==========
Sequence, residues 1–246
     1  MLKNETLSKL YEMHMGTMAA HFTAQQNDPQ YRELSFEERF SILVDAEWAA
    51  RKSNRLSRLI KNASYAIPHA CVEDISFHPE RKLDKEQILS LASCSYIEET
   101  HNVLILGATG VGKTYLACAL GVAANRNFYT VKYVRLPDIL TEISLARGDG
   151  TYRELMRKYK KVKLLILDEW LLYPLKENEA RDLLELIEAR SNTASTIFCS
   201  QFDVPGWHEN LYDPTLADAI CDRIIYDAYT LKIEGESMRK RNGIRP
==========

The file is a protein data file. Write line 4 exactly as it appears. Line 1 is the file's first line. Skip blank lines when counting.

   101  HNVLILGATG VGKTYLACAL GVAANRNFYT VKYVRLPDIL TEISLARGDG